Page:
The following is a copy of an article originally published by the Volta Foundation for their BatteryBits series that can be found here. It was written with support from the Electric Goddess team.
Understanding the cyclic corrosion processes that occur within a mass-produced lithium-ion cell plays a critical role in the design of a battery pack. While the redox reactions of the lithium and electrolyte with the anode and cathode during cycling are fundamentally important to cell operation, they are not the biggest threat to long-term reliability and safety. Further, production cells are quality tested and screened so that their specification and performance are well understood. Hence, the likelihood of serious cell defects making it into end-use products is uncommon. The leading threat to battery packs, however, is the corrosion that can occur on external surfaces of components and interconnect bussing of cells.
Corrosion in a battery pack refers to the slow electrochemical reaction of components with oxidants such as chlorides, sulfates, carbonates, oxygen, and hydroxides. A well known example of electrochemical corrosion is rusting, or the formation of iron oxides. The rusting of iron produces various oxide states and salts which show distinctive colouration from red-orange to black. When corrosion occurs in materials other than metals, such as ceramics or polymers, the term “degradation” is more commonly used.
Corrosion degrades the useful properties of materials and structures including strength, appearance and permeability to liquids and gases.
Condensate pathways are formed inside battery packs when humidity condenses onto internal surfaces as liquid droplets, which then wick into interfaces between conductive surfaces via capillary action. Corrosion is then driven by voltage gradients across these aqueous condensate pathways in cells, cell interconnects, thermal management interfaces, connectors, bussing, etc. Droplets wick proportionately to the surface energy of the interfaces to travel long distances and form connecting capillary pathway networks between metal-metal, polymer-metal, and polymer-polymer surface interfaces. Even if the condensate droplets are originally formed with low ion content, exposure to atmospheric CO2 (410 ppm) results in the formation of carbonic acid (H2CO3). This acid functions as an electrolyte that, when combined with a voltage difference, rapidly corrodes and consumes nickel, copper, aluminum, iron, tin, and more.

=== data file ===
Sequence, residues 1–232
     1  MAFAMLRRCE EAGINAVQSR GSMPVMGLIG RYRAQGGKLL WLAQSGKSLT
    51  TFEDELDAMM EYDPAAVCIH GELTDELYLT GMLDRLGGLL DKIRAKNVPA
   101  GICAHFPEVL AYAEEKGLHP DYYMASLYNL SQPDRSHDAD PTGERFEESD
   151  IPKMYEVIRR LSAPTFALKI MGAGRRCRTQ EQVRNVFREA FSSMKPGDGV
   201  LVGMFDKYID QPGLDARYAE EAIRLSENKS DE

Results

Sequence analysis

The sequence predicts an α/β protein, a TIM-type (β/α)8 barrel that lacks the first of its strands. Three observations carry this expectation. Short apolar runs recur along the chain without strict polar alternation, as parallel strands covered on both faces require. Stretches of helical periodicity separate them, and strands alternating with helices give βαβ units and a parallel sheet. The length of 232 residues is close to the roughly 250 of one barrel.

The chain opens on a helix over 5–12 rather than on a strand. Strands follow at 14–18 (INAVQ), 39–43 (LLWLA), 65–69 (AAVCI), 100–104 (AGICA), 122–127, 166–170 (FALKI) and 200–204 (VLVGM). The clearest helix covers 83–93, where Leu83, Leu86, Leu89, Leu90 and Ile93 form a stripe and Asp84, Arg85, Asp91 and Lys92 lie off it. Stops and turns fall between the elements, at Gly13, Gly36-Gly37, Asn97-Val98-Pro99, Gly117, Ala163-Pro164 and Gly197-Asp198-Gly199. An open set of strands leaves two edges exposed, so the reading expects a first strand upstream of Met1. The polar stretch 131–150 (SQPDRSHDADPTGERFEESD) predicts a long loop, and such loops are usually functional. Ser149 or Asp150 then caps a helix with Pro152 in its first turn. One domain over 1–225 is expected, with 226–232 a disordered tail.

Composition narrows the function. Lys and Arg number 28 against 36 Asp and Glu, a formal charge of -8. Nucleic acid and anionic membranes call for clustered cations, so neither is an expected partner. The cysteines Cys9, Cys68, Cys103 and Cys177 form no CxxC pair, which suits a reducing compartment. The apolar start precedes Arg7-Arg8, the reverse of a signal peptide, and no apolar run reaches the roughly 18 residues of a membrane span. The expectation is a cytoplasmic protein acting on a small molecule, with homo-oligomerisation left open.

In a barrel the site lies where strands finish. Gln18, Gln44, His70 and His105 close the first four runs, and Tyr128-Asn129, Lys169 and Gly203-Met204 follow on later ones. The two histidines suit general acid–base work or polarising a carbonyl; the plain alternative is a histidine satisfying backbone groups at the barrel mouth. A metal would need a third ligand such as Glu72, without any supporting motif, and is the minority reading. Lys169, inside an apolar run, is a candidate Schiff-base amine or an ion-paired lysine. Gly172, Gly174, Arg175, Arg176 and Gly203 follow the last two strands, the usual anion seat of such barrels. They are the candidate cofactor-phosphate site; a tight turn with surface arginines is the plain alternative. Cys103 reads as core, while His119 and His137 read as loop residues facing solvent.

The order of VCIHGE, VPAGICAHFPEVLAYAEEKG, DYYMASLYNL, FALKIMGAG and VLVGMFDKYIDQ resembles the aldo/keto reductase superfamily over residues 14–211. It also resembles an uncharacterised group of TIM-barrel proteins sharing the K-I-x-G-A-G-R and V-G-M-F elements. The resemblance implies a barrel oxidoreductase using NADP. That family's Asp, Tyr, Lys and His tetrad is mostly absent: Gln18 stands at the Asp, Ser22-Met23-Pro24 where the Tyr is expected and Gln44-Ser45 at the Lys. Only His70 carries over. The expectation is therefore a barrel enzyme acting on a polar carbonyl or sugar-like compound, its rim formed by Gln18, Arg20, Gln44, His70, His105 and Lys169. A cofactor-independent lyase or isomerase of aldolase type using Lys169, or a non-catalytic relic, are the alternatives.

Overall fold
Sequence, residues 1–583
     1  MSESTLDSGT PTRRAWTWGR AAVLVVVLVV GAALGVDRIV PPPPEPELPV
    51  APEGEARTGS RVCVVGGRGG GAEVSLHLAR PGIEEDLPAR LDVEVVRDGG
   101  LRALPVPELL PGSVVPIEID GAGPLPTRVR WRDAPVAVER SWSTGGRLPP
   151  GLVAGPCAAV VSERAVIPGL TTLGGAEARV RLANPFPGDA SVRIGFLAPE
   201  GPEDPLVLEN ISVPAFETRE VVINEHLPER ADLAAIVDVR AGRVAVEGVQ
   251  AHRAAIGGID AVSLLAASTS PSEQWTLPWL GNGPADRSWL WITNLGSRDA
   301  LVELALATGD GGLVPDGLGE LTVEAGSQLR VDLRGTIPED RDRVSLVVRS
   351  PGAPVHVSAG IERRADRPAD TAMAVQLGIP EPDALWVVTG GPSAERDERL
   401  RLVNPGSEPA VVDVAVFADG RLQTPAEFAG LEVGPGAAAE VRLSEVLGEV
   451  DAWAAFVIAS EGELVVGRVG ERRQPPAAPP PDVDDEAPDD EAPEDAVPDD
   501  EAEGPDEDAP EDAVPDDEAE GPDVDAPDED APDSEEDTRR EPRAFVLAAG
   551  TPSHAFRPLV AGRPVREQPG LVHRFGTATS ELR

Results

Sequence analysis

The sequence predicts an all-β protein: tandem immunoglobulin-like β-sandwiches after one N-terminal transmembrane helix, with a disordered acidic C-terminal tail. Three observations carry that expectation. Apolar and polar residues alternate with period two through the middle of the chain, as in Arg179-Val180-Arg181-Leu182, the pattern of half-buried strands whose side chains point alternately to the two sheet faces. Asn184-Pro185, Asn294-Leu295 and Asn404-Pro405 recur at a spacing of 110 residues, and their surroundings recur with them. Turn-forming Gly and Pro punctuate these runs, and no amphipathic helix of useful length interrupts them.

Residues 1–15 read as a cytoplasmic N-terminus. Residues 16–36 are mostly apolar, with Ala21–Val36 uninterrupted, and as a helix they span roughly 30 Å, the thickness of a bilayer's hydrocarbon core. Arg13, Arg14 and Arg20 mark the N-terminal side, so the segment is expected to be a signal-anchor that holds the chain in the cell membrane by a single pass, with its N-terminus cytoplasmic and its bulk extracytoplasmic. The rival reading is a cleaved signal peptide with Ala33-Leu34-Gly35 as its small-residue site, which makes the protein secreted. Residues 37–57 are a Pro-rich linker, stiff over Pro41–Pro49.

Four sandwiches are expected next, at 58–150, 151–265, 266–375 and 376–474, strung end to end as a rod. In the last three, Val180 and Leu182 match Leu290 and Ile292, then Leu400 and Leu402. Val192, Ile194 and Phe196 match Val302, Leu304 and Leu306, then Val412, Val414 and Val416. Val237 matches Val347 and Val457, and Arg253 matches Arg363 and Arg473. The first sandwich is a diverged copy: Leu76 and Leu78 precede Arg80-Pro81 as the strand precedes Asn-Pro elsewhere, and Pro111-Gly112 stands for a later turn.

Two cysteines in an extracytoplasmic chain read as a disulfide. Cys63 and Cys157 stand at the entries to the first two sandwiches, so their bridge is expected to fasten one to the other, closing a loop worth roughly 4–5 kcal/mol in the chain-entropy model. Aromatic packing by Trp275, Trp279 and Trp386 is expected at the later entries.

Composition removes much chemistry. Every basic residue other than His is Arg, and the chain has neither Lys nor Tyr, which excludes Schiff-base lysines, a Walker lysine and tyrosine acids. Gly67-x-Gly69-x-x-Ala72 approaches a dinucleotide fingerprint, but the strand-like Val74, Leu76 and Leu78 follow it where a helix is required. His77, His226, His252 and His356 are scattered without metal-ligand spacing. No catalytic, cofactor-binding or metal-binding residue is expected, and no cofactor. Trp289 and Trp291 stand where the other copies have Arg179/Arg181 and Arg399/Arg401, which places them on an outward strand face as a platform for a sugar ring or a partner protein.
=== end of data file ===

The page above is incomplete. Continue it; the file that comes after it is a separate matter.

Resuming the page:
Even gold, platinum or tantalum plating of conductive elements in the battery assembly cannot protect against dissociation potentials over ~6 VDC The corrosion of these platings then exposes the base metals to EV battery electrolysis potentials. Since the corrosion process is slow, the liquid water may evaporate before the metal has progressed to failure. Still, the dissolved salts are left behind as salt residues that offer favorable pathways for wicking condensed water, reinforcing the corrosive pathway with each subsequent exposure.
If the salt residue-hydrate conversion cycle reaches the correct hydrate state, a molten ionic liquid can be created at room-temperature, which suddenly conducts electricity very effectively.
Additional vulnerable locations in batteries include circuit boards, connectors, flex circuits, sense tap and temperature sense harnessing, and any interfaces that offer both a voltage difference and the opportunity for condensates to wick across. During a battery's use, it can be exposed to atmospheric gases including water vapor, tire spray from salted winter roads, ocean mist, powerwashing, and cleaning detergents and solvents.
In addition, design characteristics of the battery pack can influence gas exchange and the rate of corrosion: